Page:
Western Harvester Ant Overview
Western Harvester ants, also known as “red ants,” are common in the arid grasslands and deserts of the United States. The western harvester ant is found at higher altitudes in the western states as far north as Montana and North Dakota. These ants are famous for their seed collecting and painful stings. They have one queen per colony, and queens of some species are estimated to live 17 years.
Western Harvester Ant Habitats
The western harvester ant has the most complex nest of all 60 species of harvesters, building mounds that can be 3 feet high, 16 feet in diameter, 20 feet deep, and contain as many as 10,000 ants. The large mounds can interfere with mowing and harvesting equipment. The western harvester ant can strip away as much as 20% of the vegetation in a pasture.
Western Harvester Ant Behaviors, Threats or Dangers
Although western harvester ants do not invade homes, they are occasional pests on lawns and playgrounds, where people may get stung by them. Their sting is not considered as aggressive as fire ants, however, a harvester ant sting can last longer than other stinging ants, and those that are sensitive may have serious allergic reactions. Anaphylactic reactions have been reported from a harvester ant sting. As pests, their most significant impact is in agriculture where they sometimes cause damage to crops, rangelands, and livestock.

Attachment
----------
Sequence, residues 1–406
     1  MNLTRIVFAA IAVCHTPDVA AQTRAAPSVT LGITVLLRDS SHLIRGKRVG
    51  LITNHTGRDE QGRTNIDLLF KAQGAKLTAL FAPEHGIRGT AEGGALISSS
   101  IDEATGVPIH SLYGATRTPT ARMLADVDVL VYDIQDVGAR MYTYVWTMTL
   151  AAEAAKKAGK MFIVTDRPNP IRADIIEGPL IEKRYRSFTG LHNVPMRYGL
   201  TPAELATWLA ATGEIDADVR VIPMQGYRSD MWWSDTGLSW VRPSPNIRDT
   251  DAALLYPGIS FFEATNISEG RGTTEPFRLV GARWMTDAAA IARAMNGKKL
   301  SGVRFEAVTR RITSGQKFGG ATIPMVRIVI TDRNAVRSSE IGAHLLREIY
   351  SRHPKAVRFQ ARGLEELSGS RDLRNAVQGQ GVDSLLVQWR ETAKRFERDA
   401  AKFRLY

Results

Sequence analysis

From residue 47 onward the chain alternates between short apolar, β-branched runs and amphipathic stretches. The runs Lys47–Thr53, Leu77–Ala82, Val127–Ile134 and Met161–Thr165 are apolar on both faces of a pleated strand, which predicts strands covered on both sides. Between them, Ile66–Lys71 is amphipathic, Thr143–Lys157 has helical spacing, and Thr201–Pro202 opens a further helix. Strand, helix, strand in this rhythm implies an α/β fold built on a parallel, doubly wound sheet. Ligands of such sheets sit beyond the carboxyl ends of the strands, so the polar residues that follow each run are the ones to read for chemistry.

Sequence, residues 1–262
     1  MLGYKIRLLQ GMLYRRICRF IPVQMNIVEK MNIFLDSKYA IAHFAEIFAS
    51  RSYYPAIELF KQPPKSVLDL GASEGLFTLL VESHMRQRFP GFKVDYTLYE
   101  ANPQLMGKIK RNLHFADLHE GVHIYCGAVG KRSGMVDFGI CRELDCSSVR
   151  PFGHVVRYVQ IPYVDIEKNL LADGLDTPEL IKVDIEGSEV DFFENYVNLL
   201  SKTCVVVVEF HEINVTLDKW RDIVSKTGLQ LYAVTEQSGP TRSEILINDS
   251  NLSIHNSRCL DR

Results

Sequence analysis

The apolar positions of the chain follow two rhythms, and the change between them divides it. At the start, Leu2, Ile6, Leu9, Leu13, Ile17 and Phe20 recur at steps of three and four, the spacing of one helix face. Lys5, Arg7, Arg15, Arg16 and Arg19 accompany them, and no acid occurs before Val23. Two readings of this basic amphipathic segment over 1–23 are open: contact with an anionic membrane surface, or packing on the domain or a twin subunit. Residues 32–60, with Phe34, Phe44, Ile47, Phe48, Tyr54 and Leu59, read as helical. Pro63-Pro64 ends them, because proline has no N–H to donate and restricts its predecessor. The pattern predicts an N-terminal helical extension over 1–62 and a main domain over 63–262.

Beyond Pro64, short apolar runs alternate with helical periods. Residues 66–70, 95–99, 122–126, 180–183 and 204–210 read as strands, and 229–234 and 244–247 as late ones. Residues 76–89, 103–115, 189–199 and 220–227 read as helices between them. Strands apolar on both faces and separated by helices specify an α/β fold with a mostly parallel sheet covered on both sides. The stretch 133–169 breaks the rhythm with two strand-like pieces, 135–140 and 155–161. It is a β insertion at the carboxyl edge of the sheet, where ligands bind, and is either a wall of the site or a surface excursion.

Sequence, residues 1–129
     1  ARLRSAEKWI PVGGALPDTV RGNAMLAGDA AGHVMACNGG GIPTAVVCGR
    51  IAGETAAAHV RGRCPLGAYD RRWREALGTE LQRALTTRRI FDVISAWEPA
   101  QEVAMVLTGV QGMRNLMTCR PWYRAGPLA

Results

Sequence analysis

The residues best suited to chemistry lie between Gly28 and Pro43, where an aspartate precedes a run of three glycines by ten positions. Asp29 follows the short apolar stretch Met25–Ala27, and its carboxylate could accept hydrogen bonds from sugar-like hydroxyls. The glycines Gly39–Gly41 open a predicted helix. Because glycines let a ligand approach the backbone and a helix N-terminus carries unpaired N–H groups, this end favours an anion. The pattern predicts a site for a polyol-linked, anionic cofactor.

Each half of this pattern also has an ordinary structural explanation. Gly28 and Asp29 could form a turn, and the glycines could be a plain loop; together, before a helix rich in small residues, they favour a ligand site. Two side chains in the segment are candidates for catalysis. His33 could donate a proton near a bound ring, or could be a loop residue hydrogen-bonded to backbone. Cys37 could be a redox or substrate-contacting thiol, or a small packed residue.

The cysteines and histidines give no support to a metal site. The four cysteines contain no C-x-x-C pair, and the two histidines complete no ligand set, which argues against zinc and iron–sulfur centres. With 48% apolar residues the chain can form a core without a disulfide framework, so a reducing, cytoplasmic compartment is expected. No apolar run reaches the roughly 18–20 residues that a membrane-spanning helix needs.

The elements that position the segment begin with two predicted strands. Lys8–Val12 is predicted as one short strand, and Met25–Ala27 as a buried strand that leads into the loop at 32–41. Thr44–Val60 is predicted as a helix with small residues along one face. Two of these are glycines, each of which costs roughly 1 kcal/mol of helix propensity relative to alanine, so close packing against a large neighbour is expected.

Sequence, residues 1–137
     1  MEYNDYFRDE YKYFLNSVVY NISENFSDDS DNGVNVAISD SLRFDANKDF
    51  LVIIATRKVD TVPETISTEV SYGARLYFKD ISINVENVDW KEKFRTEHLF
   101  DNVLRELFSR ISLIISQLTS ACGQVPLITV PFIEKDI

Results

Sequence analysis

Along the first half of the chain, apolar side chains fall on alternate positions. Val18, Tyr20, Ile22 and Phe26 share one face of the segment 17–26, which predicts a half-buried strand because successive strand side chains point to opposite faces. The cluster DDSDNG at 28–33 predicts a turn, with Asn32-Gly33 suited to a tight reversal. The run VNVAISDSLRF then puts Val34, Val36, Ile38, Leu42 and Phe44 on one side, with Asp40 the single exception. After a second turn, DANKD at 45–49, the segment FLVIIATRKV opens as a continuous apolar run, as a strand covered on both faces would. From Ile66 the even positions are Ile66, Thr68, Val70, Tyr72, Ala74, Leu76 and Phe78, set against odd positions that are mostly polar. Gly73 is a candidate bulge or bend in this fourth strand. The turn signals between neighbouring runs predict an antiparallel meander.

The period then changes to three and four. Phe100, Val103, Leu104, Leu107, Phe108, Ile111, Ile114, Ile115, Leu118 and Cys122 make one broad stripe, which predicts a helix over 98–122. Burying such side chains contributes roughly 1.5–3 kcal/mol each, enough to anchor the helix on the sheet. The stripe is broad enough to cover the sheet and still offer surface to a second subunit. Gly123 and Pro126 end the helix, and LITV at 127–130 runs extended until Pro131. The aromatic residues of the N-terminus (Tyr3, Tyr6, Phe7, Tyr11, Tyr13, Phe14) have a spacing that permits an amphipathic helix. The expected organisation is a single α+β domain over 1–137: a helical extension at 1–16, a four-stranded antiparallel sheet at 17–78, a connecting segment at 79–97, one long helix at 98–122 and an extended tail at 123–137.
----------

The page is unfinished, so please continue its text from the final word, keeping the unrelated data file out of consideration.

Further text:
Western Harvester Ant Prevention
Harvester ant nests are easy to locate by looking for bare soil areas. Mounds should be treated during the hottest part of the day or when the ants are least active outside of the nest. Mounds can be successfully treated by using boiling water, baking soda, or diatomaceous earth, poured directly into the nest. However, if a harvester ant infestation is suspected, it is best to contact a licensed harvester ant control professional.